I originally posted a version of this post more than 10 years ago, in 2005. I think it is important to re-post it, with a few updates. I strongly recommend teaching information privacy law in law schools. I have authored several textbooks in the field, and I know that this might seem like a self-plug. […]
In a post today, Kaimi responds to a fequent student criticism of law school pedagogy. That criticism is that many students don’t learn much from hearing other students speak in class. In large classes (not seminars), many students think that time is wasted when so much class time is devoted to other students talking. They feel that […]
There is an interesting discussion raised over at PrawfsBlawg about how law professors should enforce student preparedness in the classroom. Mike Dimino (law, Widener) (guesting at PrawfsBlawg and a former guest blogger here at Concurring Opinions) described a chronically unprepared student and noted the strong punishment he intends to deliver: “[I] plan to call on the […]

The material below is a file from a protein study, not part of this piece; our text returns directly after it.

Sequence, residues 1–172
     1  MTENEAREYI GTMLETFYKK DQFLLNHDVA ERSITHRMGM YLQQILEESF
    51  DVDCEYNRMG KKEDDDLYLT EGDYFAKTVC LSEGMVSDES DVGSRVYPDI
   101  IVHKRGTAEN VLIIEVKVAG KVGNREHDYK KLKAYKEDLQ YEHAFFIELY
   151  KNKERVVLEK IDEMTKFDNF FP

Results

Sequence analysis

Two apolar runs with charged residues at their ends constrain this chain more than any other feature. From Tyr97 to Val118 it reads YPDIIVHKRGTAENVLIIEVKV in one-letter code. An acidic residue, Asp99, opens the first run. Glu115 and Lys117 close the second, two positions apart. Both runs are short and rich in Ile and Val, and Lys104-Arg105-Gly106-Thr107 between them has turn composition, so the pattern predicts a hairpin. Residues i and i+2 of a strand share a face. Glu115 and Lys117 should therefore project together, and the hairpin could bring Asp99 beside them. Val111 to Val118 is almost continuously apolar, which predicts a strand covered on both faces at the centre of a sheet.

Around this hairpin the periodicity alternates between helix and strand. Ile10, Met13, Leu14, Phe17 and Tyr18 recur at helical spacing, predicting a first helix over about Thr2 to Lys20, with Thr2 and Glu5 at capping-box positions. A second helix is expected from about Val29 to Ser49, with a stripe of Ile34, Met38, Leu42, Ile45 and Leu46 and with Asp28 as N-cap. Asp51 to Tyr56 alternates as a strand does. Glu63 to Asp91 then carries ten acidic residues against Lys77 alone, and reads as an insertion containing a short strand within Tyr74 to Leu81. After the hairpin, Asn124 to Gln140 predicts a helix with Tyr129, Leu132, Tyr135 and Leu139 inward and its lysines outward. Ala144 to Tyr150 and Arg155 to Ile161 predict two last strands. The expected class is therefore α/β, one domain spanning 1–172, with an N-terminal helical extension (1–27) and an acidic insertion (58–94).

There are some great discussions over at PrawfsBlawg about teaching criminal law. Russell Covey wonders why so many professors bother to teach the Model Penal Code (MPC):
There are a lot of really good discussions going on in the blogosphere about law school exams recently. Ann Althouse asks whether exams are a rewarding educational experience in and of themselves for students. Jonathan Adler offers his thoughts here. Rick Garnett chimes in at PrawfsBlawg. In most law school courses, the grade is based on one final […]
The AALS law teaching interview season will be commencing soon, and since a number of our readers will be interviewing for law teaching jobs, here are a few quick words of advice.
Since this blog is read by many new law profs, I thought I’d recommend information privacy law as a course you might consider teaching. (I have a casebook in the field, so this is really a thinly-disguised self-plug.) Information privacy law remains a fairly young field, and it has yet to take hold as a course taught consistently in […]